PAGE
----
From Rivière-du-Loup to Valcourt, Québec, Simon Belzile’s life revolves around competition and technical service. He further expands his horizon and that of BRP by ensuring that Can-Am and Ski-Doo shine at the top of international competitions, at the highest level, such as the Dakar Rally or the World Rally Championship.
Simon Belzile was born in Rivière-du-Loup in 1978. He is the second in the family; his sister Renée is five years older than him. He rode his first motorcycle, a PW50, at the age of six.
The city of western Bas-Saint-Laurent region is also the city that has hosted indoor motocross in an arena since 1981. This competition rocked his childhood, especially since Simon’s father held the Bombardier Suzuki Sport dealership at the time. He was also an oval snowmobile pilot during the heyday of Villeneuve and Gaston Ferland.
Simon started his first competition at 13, in motocross at Ville-Degelis with a Suzuki RM80, in 1991. He finished 6th in a race where he faced big names like Marco Dubé or Alexandre Dionne.
In 1993, he was CMA Eastern Canadian Champion. He moved to the Pro category in 1996, after a year in junior 1994, then senior in 1995. His first pro year ended with an injury, but he continued and won the provincial title in 1999 in the 125 series and then in 2000.
At the same time, from 1998, he raced on a snowmobile, participated in the Montreal Snowcross, and crossed the lines to compete in American competitions in Rock Maple, New England (2003 to 2005)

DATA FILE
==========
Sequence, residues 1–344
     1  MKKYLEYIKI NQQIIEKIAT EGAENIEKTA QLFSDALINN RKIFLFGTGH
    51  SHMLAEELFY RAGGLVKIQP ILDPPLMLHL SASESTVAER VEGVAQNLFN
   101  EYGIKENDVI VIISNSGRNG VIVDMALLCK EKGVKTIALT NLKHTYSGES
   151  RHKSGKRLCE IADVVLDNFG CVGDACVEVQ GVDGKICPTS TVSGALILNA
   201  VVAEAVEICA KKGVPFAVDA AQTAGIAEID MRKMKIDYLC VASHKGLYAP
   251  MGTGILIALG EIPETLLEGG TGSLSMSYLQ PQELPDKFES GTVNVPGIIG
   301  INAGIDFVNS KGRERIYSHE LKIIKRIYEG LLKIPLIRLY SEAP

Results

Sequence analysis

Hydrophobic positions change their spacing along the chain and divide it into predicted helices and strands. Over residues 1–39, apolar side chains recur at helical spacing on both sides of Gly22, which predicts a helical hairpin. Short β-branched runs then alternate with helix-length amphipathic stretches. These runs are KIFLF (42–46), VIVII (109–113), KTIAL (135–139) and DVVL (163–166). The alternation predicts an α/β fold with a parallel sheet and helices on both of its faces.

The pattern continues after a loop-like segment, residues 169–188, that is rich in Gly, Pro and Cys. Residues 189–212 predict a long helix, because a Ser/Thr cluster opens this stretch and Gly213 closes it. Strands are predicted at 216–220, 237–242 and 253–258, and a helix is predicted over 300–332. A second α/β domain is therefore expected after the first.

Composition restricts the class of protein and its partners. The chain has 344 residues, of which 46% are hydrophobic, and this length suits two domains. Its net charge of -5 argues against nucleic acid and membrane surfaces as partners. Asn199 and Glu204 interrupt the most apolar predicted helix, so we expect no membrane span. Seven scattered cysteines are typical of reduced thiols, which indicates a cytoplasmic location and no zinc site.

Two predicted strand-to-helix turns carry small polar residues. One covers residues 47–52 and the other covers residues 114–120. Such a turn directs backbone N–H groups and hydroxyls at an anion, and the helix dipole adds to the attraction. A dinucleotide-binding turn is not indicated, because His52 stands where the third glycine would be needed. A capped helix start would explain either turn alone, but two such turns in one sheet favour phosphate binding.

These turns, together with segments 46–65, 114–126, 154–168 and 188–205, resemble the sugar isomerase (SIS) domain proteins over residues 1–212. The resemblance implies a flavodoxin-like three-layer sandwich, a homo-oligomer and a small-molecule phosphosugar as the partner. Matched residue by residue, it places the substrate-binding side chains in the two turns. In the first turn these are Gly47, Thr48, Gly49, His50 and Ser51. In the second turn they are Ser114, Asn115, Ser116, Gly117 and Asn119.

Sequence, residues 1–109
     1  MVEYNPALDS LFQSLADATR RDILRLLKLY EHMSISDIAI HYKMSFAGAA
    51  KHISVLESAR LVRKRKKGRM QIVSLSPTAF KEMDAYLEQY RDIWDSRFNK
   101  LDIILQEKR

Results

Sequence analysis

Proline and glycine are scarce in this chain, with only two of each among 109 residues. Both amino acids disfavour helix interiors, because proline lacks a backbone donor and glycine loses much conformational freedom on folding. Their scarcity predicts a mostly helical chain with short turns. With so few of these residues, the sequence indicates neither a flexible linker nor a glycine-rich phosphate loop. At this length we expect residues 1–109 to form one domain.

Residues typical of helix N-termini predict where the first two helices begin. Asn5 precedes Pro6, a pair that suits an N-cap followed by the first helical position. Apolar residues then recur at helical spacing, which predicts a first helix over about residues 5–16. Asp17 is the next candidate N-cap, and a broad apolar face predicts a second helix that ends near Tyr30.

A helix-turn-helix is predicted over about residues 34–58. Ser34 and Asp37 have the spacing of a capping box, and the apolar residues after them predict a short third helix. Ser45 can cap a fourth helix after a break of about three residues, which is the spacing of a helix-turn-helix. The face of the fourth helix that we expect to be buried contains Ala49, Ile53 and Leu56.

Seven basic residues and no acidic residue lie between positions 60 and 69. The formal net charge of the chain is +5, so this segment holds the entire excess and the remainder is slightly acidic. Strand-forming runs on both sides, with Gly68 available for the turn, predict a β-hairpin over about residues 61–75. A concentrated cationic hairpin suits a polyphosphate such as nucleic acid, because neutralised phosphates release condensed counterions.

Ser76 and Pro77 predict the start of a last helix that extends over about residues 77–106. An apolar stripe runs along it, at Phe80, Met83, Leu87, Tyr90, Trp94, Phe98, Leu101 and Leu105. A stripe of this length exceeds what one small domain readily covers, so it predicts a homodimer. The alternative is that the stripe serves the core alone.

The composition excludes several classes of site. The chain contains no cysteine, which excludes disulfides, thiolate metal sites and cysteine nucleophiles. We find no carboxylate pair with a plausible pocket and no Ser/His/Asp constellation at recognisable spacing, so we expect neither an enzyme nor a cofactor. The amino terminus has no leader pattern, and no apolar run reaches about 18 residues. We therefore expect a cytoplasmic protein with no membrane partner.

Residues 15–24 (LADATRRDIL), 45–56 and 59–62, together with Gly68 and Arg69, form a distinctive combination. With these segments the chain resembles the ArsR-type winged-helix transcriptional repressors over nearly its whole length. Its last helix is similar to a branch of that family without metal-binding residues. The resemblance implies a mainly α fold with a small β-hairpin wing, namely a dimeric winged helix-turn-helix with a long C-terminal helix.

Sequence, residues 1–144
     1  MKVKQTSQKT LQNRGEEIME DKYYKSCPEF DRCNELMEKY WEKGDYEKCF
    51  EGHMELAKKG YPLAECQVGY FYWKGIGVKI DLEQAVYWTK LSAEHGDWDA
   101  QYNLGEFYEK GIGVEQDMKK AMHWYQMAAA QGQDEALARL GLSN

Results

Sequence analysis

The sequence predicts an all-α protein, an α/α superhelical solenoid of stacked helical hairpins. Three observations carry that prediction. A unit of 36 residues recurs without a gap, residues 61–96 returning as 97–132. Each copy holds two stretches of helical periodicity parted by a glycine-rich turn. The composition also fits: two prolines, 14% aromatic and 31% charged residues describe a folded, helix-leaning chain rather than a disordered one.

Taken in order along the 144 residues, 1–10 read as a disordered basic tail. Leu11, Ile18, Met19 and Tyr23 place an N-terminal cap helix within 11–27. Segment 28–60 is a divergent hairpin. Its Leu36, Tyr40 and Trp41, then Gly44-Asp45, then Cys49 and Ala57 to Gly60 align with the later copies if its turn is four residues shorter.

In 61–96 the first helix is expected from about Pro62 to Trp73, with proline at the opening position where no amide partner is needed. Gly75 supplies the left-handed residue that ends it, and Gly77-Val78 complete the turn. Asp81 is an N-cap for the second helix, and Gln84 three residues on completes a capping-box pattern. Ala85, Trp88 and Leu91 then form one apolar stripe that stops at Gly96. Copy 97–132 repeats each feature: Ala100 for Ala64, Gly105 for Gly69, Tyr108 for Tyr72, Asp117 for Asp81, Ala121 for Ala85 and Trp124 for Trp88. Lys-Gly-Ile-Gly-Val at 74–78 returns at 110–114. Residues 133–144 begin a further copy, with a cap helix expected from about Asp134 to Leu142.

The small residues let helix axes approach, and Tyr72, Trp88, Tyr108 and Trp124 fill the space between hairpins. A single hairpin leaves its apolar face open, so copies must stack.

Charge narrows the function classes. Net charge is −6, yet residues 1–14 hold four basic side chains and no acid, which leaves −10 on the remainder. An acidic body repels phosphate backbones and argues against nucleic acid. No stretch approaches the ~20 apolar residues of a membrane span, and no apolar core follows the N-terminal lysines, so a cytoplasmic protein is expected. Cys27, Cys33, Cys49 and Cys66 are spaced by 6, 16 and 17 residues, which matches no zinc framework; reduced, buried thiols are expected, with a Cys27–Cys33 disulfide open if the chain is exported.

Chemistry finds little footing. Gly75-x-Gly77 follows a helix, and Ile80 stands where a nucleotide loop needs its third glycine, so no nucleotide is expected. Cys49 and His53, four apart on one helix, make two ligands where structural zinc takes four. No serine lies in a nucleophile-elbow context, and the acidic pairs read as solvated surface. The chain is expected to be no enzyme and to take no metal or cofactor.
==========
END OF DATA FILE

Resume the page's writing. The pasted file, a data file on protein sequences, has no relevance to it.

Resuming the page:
Simon was immersed in the world of competition from a young age, and it is no surprise that he graduated in recreational mechanics. He quickly joined his father’s dealership. He does a bit of mechanical work, but he enjoys working more in the dealership department, where he likes to diagnose mechanical problems and provide solutions.
In 2001, at 23, life changed and opened doors for him. He was hired in Valcourt at Bombardier. A pride for the son of a dealer! He started as an after-sales warranty analyst, then moved quickly to technical service. He now rides a KTM motorcycle. It may have served him well when the company was restructured in 2004. Simon lost his job, but he bounced back to the Canadian importer of KTM, based in Saint-Bruno-de-Montarville. He finds Mario Lajoie, who also comes from Bombardier and runs the Austrian brand’s subsidiary.
The assignment would last less than a year, and in 2005 he returned to BRP. It was the year he suffered a big motocross accident in Baie-Comeau, riding his KTM.